On September 9th, when Federated Department Stores slaps the Macy’s moniker on Chicago’s celebrated (and self-styled) “Cathedral of All Stores,” the Field’s name will disappear from the city’s retail landscape after a presence that extended across three centuries. But change has always been part of Field’s history, as a close look at its famous State Street store attests.
Although the store appears to be one building, it is actually made up of five different structures, which have been seamlessly integrated into a single entity. Field’s opened on State (at Washington Street) in 1868. After the great fire of 1871 destroyed that first building, Field’s settled into the Singer Building (also at State and Washington) in 1873. Then, when an 1877 fire consumed that building, a second Singer Building opened (with Field’s as a tenant) in 1879. In 1902, Daniel Burnham’s 13-story Beaux-Arts building went up next door (at State and Randolph) ; its near-identical mate to the south (replacing the second Singer Building) followed in 1907 .
On the Wabash Avenue side of Field’s, the oldest part of the present store (originally called the Annex) went up at the northwest corner of Wabash and Washington in 1893 . Two other Wabash buildings were added in 1906  and in 1914 ; the latter was the same year Field’s 20-story Men’s Store (a mix of retail and office space) opened on the southwest corner of Wabash and Washington .
|The two Field’s clocks weigh about seven and a half tons each and were designed by Burnham’s firm. The roman numeral IV (four) is rendered as “IIII,” most likely to eliminate any confusion with VI (six).|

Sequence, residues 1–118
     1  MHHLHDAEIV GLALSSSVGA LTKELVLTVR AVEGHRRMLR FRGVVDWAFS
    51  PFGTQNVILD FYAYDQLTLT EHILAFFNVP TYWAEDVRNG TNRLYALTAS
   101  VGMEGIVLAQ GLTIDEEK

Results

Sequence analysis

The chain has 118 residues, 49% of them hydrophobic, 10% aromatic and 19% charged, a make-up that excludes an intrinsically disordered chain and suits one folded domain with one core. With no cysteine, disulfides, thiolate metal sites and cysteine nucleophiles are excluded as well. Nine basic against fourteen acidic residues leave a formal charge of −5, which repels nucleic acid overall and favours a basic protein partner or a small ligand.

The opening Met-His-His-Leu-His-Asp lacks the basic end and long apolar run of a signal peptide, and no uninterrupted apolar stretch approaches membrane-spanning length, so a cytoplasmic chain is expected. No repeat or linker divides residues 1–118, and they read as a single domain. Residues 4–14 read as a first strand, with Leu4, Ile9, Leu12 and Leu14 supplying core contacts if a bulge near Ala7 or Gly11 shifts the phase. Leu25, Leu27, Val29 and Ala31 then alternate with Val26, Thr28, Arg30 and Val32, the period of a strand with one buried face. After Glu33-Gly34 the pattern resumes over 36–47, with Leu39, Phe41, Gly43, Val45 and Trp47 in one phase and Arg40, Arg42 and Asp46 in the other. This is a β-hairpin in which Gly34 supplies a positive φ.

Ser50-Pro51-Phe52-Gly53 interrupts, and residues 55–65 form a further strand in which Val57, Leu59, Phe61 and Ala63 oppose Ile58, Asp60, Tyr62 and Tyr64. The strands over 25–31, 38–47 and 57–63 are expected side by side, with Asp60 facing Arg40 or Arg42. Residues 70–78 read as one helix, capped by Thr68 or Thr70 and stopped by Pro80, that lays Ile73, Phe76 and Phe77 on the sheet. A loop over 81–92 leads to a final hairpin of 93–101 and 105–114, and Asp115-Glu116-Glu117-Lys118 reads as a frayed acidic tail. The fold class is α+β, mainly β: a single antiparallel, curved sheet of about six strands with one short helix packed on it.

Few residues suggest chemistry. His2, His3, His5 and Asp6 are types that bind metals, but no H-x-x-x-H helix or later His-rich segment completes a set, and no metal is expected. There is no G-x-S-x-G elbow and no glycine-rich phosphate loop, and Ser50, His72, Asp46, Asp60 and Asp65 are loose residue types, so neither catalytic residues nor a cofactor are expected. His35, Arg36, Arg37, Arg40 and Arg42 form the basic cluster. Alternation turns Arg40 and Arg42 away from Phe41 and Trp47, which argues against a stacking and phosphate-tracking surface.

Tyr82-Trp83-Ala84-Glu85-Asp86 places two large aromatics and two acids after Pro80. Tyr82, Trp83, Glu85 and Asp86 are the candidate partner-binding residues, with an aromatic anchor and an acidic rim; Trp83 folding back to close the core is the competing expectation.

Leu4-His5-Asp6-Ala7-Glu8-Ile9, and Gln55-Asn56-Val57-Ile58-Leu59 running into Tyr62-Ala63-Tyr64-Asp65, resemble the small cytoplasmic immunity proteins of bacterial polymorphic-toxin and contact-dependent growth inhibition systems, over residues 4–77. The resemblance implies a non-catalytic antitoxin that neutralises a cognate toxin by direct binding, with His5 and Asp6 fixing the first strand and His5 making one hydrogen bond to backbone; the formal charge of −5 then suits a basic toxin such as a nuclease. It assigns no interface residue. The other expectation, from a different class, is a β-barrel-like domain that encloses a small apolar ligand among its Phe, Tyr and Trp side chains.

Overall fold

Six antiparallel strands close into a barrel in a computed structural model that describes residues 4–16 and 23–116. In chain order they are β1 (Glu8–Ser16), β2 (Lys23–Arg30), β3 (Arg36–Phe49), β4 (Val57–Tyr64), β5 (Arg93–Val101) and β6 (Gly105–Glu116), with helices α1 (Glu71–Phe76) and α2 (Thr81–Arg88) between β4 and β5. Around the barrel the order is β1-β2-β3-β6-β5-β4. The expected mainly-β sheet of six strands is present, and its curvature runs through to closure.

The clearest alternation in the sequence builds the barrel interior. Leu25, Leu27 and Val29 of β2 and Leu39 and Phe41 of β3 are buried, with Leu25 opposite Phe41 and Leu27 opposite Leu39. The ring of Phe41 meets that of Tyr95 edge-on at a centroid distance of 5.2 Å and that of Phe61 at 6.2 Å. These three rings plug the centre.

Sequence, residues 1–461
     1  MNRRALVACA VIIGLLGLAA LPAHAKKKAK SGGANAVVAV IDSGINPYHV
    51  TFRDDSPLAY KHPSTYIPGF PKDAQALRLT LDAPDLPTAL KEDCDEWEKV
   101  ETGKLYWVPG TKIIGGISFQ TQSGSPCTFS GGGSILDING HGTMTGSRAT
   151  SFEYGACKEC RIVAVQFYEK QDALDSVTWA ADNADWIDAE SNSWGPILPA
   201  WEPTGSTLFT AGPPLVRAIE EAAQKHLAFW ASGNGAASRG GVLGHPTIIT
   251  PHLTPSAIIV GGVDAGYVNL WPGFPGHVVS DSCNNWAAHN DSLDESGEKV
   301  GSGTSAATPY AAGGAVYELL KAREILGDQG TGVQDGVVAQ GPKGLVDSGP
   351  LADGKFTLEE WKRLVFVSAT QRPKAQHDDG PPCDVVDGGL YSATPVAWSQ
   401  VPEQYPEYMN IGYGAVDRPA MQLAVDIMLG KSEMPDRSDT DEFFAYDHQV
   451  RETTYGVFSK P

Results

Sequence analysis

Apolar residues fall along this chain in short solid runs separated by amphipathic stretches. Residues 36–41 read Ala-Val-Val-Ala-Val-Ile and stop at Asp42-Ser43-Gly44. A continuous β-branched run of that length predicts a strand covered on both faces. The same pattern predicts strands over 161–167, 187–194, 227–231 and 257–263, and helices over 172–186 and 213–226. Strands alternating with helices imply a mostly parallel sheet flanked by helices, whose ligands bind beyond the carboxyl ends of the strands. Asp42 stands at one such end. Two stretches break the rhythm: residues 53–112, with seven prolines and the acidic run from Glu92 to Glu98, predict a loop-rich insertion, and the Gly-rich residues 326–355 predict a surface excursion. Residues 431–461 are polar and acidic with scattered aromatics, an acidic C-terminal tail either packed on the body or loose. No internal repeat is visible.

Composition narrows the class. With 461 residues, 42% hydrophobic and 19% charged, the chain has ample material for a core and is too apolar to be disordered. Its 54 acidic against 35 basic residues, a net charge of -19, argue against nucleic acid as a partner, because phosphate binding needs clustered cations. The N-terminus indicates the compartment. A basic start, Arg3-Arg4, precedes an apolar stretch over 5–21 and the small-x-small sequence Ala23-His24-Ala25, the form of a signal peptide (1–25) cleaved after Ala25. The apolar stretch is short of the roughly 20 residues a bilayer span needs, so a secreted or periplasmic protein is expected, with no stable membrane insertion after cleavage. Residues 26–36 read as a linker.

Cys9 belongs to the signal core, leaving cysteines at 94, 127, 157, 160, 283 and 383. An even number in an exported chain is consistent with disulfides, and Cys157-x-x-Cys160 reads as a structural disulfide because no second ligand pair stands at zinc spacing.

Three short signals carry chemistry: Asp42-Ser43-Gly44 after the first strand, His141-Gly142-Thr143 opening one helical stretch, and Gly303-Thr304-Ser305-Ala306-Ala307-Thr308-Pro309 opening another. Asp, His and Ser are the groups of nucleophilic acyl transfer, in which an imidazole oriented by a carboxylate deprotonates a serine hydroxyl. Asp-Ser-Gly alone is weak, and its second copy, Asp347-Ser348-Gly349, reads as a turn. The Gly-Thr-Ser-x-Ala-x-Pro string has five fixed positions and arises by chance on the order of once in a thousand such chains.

Did You Know…
The four 50-foot-tall Ionic granite columns on Field’s State Street façade are rivaled only by the 70-foot-tall columns at Egypt’s 3,000-year-old Temple of Karnak.
The name change (to Macy’s) will not be the first for Field’s, which began business-on Lake Street, in 1852-as P. Palmer & Co. It was subsequently known as Field, Palmer & Leiter (1868), Field, Leiter & Co. (1873), and finally Marshall Field & Company (1881).
After the northeast corner of State and Washington became a popular meeting place, people began leaving notes for one another on the Field’s windows, much to Marshall Field’s displeasure. To end this practice, and encourage punctuality, he erected a clock on the second Singer Building in 1897.
For the November 3, 1945, cover of The Saturday Evening Post, Norman Rockwell painted a man perched atop a ladder and adjusting the large Field’s clock to correspond with his own pocket watch. Rockwell donated the original painting, called The Clock Mender, to Field’s in 1948, and it hung for years on the store’s seventh floor. But after Target Co. sold Field’s to Federated in 2005, the new owners discovered that the painting then on display was actually a reproduction. Federated removed the fake and asked Target to return the original. The dispute has yet to be resolved.
Photography: courtesy of Marshall Field’sEdit Module